The Wiener Library holds two copies of what has been called “history’s most infamous board game.”
Juden Raus was developed by the company Günther and Co in Dresden during the Third Reich. Using crude antisemitic stereotypes and imagery, the game was very much in keeping with the fascist ideas propagated at the time. The game’s themes reflect racial hatred, forced deportations, and confiscation of Jewish property.
The board shows a walled town, through which players move to round up Jews and deposit them outside the city walls, where a slogan reads “Auf nach Palästina!” (English: “Off to Palestine!”) The winner is the first to remove six people. Described in promotional material as an “up-to-date and outstandingly jolly party game for grown-ups and children,” this game is a reflection of the ideals of the Nazi state.
However, the game was in fact not endorsed by the Nazis officially, as it was seen to trivialise Nazi policies, and create an easy target for criticism of the Third Reich in international press. A scathing review of the game in the SS publication ‘Das Schwarze Korps’ in December 1938 reads “the political slogan ‘Jews Out’ is exploited here as a bestseller for all toy shops and trivialised to an amusing pastime for little children…We are not slaving away towards the solution of the Jewish question to relieve able toymakers of their worries about a big seller or to help children with an amusing little game.”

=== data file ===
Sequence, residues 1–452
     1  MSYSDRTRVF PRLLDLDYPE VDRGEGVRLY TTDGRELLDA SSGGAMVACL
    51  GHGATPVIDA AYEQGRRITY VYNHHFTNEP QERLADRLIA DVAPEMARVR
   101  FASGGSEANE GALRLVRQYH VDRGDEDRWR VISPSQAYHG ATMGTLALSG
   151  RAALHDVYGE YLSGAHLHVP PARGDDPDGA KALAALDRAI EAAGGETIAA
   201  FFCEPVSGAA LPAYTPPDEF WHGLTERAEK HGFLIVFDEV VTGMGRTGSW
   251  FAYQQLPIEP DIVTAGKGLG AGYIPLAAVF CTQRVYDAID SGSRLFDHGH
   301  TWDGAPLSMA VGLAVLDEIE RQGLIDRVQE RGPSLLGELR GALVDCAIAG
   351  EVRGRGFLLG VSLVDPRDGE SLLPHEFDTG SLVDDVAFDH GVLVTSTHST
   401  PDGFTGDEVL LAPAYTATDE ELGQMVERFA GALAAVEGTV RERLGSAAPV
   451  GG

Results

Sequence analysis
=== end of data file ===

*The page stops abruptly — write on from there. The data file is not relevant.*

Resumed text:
While Juden Raus is not a Nazi board game inasmuch as it was criticised by them, and contained no Nazi insignia, the fact of its existence reveals the extent to which antisemitism had permeated society, while the casual, cheery tone used in the text accompanying the game reveals how socially acceptable such bigotry was at the time.
On 15 January 2017, Juden Raus was featured on a special Holocaust Memorial edition of BBC One's Antiques Roadshow - read more on our News page.